Staying safe on a mine safe is a combination of training, protocol, and using the correct equipment amongst other things. Do all the above correctly and you will go a long way to ensuring that all your workers stay safe.
How to maintain your heavy duty equipment
Heavy duty equipment usually involves large vehicles performing heavy duty tasks, mostly in the construction or mining industries. These machines are very expensive and indispensable to the jobs they perform. They cannot be replaced by humans, only by other expensive heavy duty machines.
While there is a wide variety of machines in this category, they might all operate differently. But when it comes to looking after them, and ensuring these expensive assets enjoy the kind of longevity that their price demands, the process is similar for all. We look at some ways of caring for your heavy duty equipment.
A very basic but critical element of looking after your equipment is keeping them clean, or at least as clean as possible. This is quite challenging as the very nature of their work often revolves around moving earth and soil, excavating, and working in the dirtiest of places. So while these machines can certainly handle the dirt, it’s advisable to still keep them as clean as you can to avoid any dirt build up in their moveable parts. At the end of each day rinse them off, clean the critical areas and make sure you use some sort of lubrication to keep their parts well oiled. Doing this every day might take an extra 20 minutes but could land up adding years to your equipment’s life and ensuring their efficient day-to-day functioning.
In addition to keeping them clean, make sure your equipment is serviced on a regular basis. This will keep them in top condition, catch any problems before they become serious and replace any parts before they start causing trouble. These machines are hard workers, and they take a lot of strain. By servicing them regularly you can check for any issues that might cause any damage or even injury if not looked after properly. Servicing will also ensure they keep working in as efficient a manner as possible.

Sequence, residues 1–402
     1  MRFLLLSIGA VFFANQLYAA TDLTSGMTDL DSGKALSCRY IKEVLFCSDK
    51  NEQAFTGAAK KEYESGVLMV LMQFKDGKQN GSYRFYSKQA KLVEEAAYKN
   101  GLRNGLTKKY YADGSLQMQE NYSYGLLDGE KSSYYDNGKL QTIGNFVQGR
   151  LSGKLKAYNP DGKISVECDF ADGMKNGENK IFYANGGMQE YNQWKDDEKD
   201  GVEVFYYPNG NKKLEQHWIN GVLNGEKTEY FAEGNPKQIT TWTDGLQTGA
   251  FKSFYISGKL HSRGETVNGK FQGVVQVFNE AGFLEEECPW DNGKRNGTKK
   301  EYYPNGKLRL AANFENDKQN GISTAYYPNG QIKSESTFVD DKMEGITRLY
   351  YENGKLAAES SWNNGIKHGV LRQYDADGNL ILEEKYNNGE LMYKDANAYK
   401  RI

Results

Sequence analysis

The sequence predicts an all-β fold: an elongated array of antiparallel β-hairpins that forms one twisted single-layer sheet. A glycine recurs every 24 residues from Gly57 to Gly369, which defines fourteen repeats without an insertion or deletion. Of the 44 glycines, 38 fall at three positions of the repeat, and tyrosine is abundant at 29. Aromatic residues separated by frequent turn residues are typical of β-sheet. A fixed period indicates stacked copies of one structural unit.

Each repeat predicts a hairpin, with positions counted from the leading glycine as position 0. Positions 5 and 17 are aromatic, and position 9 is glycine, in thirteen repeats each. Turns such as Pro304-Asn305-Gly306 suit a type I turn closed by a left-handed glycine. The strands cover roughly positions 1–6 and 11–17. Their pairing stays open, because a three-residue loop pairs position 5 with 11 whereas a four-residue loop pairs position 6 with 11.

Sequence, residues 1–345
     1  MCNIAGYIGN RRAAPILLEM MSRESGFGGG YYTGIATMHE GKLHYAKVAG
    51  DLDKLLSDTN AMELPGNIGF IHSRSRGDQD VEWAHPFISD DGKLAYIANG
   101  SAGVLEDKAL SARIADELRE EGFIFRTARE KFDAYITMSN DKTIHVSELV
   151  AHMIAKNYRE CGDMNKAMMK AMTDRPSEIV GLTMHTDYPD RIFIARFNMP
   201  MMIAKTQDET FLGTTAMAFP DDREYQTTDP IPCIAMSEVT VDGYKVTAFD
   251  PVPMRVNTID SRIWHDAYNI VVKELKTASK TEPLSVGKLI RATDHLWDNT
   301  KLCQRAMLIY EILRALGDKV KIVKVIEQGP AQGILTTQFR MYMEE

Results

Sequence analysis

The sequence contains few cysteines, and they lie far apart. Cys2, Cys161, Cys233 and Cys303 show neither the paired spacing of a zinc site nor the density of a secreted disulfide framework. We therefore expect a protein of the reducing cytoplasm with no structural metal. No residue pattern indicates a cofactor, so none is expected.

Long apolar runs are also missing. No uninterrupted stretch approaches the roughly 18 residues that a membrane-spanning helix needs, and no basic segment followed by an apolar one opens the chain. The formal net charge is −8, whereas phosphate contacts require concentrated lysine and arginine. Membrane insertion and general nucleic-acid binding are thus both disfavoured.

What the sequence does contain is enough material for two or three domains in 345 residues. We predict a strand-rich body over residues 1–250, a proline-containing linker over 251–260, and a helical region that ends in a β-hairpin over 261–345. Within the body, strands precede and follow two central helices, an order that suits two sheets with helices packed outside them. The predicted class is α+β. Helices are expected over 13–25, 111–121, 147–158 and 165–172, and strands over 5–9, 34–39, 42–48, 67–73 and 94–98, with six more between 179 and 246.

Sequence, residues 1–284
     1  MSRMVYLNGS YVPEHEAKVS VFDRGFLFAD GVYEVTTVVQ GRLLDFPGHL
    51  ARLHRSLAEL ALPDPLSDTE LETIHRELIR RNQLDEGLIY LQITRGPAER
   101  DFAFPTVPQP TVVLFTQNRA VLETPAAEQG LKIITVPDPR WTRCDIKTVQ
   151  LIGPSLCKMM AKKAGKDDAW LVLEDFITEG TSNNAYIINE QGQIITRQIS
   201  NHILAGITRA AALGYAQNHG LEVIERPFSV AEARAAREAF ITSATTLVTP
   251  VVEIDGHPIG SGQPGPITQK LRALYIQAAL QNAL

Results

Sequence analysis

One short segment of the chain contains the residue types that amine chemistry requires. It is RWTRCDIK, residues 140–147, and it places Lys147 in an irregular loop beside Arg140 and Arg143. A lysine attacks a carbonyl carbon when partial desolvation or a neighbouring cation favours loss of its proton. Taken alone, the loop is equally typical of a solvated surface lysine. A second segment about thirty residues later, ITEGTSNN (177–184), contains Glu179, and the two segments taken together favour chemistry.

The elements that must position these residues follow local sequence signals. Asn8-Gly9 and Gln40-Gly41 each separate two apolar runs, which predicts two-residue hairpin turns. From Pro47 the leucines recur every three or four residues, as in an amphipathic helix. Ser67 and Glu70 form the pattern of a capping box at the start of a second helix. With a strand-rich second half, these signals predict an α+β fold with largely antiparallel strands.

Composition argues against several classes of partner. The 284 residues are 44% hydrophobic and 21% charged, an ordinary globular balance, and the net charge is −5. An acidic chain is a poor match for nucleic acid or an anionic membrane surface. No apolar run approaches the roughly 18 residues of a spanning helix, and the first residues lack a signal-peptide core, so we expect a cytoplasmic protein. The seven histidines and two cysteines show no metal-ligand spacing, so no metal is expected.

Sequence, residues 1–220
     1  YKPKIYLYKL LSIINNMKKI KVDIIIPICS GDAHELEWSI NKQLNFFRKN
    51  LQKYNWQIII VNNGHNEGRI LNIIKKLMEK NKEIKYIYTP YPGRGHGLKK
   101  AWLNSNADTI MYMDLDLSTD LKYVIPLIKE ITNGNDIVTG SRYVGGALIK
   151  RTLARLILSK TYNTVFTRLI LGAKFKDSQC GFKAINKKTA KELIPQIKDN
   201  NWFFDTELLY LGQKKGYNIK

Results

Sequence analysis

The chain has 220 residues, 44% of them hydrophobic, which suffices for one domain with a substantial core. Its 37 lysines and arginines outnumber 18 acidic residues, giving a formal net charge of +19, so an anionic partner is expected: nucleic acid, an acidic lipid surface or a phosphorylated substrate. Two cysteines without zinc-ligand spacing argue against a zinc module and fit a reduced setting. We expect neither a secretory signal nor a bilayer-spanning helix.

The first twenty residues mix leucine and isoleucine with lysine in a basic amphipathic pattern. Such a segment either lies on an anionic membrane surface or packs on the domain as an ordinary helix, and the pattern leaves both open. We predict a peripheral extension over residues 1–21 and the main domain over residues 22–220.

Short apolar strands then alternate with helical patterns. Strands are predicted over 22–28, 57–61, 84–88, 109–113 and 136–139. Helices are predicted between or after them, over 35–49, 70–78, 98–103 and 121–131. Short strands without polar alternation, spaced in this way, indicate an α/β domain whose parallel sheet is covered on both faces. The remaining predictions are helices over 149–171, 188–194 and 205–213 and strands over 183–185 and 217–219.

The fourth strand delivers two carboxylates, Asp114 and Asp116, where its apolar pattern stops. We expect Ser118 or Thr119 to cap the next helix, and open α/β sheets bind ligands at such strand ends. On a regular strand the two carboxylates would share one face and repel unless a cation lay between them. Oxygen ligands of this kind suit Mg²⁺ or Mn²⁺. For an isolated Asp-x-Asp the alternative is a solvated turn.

Pay attention to wear and tear
Pay attention now and you’ll pay less cash later. Machines are expensive by nature and can be costly to fix, but if you pick up small problems early and deal with them immediately they won’t turn into expensive nightmares at a later date. By doing regular checks on your equipment and sorting out any wear and tear when it happens, these relatively minor issues won’t deteriorate into major problems, causing additional hassles with other parts of your equipment. Make checking equipment a routine part of the operator’s job and sort those problems earlier rather than later.
Train your operators
Operating heavy duty equipment is not for everyone. Only licensed and qualified operators should be operating this huge machinery, and this is not just a legal requirement. Even if your operators are licensed and qualified you need to make sure they know how to operate the equipment, and insist on additional training if need be. This is critical to the wellbeing of your equipment and the safety of the employees on site. Do not let anyone operate heavy duty equipment without you being 100% sure they can do the job.
Keep them covered
This is not always practical but if you can cover your equipment at night or when not in use do so. Covering them with a tarpaulin or keeping keep them in a warehouse will go a long way to making sure their parts don‘t rust and that sand and dust don’t creep into those tiny trouble-causing spaces. If you can protect your equipment at all from harsh weather conditions, you should.
There you have it – it’s pretty simple, but if you follow some basic rules and protocols when it comes to maintaining your equipment, your most valuable moveable assets can enjoy an extended workable lifespan, saving you time, stress and money in the long run.
If you need more information or maintaining your equipment contact your local specialists.